7. Listen to a performance at the Courtyard Cafe

In the Illini Union courtyard cafe area, there’s a little stage and sometimes, if you’re lucky, someone is performing. Sometimes it’s open mic, but one Tuesday when I was done with class I went to sit there to do some studying, and this great jazz group was performing. It was loud and pretty much everyone in the room was entranced.

8. Get a milkshake at Courier Cafe

Although it’s not on campus, Courier Cafe is one of my favorite places to go, specifically for their desserts and milkshakes.

9. Attend a guest lecture or public speaker

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Bernie Sanders at UIUC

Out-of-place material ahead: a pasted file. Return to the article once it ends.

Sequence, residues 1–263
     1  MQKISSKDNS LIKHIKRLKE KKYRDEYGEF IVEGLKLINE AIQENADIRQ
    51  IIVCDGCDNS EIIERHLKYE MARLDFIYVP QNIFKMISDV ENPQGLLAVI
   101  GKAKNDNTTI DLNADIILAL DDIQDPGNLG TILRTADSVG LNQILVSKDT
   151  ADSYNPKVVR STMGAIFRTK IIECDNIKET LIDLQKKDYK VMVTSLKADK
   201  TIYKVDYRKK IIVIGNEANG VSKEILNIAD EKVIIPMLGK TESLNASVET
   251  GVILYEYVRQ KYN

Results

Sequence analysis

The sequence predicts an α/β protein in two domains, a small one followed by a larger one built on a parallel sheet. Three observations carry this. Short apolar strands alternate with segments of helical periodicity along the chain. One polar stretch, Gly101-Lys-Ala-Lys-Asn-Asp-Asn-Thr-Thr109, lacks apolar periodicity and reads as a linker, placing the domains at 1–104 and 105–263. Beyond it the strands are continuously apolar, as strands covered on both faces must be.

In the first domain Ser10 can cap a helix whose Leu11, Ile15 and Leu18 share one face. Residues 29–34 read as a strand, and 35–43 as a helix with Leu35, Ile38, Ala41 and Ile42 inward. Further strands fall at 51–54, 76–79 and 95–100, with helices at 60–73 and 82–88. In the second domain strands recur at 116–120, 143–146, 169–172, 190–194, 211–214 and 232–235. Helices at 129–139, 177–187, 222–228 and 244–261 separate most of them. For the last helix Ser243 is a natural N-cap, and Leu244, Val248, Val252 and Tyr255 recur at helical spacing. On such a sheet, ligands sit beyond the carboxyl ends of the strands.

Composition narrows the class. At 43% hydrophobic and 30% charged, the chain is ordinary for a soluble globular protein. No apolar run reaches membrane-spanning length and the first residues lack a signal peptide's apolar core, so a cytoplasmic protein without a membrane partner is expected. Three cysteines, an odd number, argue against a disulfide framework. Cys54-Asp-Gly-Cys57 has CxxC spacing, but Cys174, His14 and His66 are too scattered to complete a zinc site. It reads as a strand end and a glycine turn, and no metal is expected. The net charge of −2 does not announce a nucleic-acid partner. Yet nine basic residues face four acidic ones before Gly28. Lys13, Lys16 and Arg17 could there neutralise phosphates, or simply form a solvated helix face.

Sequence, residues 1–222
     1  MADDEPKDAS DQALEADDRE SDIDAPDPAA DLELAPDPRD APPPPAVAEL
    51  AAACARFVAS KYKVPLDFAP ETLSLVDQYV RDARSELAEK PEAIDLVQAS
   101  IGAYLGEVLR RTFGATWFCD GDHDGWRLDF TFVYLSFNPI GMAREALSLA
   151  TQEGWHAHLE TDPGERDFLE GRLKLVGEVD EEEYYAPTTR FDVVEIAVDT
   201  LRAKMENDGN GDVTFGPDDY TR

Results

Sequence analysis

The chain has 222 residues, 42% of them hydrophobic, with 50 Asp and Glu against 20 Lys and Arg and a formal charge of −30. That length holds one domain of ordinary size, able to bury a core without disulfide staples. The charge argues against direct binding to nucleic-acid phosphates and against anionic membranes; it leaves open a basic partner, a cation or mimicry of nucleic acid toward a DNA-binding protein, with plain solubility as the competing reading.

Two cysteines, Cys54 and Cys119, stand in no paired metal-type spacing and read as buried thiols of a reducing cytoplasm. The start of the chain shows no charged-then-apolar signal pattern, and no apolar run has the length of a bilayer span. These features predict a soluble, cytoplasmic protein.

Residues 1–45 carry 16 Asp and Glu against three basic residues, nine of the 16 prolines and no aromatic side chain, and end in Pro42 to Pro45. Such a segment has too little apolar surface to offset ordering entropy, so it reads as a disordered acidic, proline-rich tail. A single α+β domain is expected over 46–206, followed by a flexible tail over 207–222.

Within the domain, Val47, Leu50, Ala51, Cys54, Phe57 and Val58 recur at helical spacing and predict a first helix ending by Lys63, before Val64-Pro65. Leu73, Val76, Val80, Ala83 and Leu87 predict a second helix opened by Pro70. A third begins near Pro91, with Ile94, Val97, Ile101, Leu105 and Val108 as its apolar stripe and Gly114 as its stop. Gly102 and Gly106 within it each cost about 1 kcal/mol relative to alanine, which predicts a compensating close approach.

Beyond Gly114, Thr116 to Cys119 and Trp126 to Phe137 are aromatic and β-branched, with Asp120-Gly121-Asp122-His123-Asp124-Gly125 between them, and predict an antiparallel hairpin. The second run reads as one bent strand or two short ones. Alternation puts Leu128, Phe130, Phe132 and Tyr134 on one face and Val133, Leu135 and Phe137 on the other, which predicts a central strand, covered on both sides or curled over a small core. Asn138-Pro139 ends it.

I went to see legendary journalist Bob Woodward speak this past January. Supreme Court Justice Sonia Sotomayor also paid a visit to our campus, as did Senator Bernie Sanders.

10. Go to sporting events other than basketball and football 

Hockey, softball, and baseball don’t draw the same crowds as our popular Big 10 sports, but they do draw a crowd.

11. Attend Holi in the spring 

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Spend a day outside with your friends acting like a kid, throwing colors and playing with water guns. Asha UIUC puts it on every year, and I went this year for the first time — it was a blast.

12. Study abroad 

I never got the chance to go abroad for an entire semester, but I was fortunate enough to spend a week in Belgium and Paris and a week in London with some of my best friends. There is no other experience like exploring a new country for the first time with good friends.

 

 

 

 

 

 

The Trees That Stood the Test of Time